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OK. To start with, that quote, while accurate, omits some very important facts.

Mainly that those tests were conducted under controlled laboratory conditions.

What do you think the temperature of the reactants (the fuel and the oxygen) were in Dr. McCaffrey’s experiment?



posted on Mar, 24 2006 @ 02:22 PM
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Is that a trick question or am I not getting what you're asking? In the quote I provided it shows what temps he got.



posted on Mar, 24 2006 @ 02:28 PM
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Originally posted by HowardRoark
What do you think the temperature of the reactants (the fuel and the oxygen) were in Dr. McCaffrey’s experiment?


Do you mean before they started combustion? Are you trying to slip me up? I've already conceeded that you could be correct.



posted on Mar, 24 2006 @ 03:28 PM
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Originally posted by Griff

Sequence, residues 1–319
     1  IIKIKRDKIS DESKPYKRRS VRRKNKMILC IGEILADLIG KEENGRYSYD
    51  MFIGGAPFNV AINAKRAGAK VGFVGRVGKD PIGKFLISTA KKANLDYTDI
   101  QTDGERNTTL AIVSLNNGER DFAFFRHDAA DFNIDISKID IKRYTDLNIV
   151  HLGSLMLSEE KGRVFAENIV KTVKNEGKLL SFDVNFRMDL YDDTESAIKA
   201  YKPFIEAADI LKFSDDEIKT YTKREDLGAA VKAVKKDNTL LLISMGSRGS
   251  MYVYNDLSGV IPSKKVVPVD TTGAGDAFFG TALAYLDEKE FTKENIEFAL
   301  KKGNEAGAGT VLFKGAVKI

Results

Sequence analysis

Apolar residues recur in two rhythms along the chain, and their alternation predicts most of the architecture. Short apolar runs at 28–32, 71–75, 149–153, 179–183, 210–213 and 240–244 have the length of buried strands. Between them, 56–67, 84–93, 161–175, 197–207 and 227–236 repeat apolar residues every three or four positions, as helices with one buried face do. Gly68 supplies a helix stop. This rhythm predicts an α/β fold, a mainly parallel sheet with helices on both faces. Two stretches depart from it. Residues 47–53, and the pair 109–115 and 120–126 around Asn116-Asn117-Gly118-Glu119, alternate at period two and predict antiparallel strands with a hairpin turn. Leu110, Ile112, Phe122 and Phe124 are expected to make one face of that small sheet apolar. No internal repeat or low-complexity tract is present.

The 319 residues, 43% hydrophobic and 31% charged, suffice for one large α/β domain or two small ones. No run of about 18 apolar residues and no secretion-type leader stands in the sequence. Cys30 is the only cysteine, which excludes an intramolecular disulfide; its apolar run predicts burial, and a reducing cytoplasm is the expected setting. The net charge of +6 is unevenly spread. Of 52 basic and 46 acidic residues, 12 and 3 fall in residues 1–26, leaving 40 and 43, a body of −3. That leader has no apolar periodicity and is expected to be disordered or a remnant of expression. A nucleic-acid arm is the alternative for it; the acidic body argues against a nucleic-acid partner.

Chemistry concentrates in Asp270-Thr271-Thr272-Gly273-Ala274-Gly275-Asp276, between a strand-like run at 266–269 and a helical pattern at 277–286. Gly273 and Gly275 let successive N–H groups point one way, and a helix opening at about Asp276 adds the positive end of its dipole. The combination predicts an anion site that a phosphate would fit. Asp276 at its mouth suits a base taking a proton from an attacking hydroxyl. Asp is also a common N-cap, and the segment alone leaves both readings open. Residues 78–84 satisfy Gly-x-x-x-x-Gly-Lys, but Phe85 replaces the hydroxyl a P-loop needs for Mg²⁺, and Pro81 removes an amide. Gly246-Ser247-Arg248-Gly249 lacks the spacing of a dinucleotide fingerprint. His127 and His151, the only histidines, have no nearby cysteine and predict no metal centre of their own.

Let me ask this. Did this eutectic reaction occur before, during or after the fall? Plus, how can a hydrocarbon fire produce temperatures in excess of 900C? We have discussed this before, but let's rehash for old times sake.


Oh, not just a hydrocarbon fire producing beyond those temps at the WTC, but transferring ALL of that energy directly to the steel to heat the steel to the same temperatures! How does that happen?



posted on Mar, 24 2006 @ 03:28 PM
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Maybe this can help you to understand this a little better.

Let’s start by agreeing on some basic concepts and terms.

First of all there are the two terms “heat” and “temperature.” Many people use these interchangeably, but in scientific terms they are not the same thing. They are related, but they are two different concepts.

Temperature is measurement of the average kinetic energy of the molecules in a material.

Heat is a measure of the total energy of a substance. This includes not only the kinetic energy, but also the potential energy.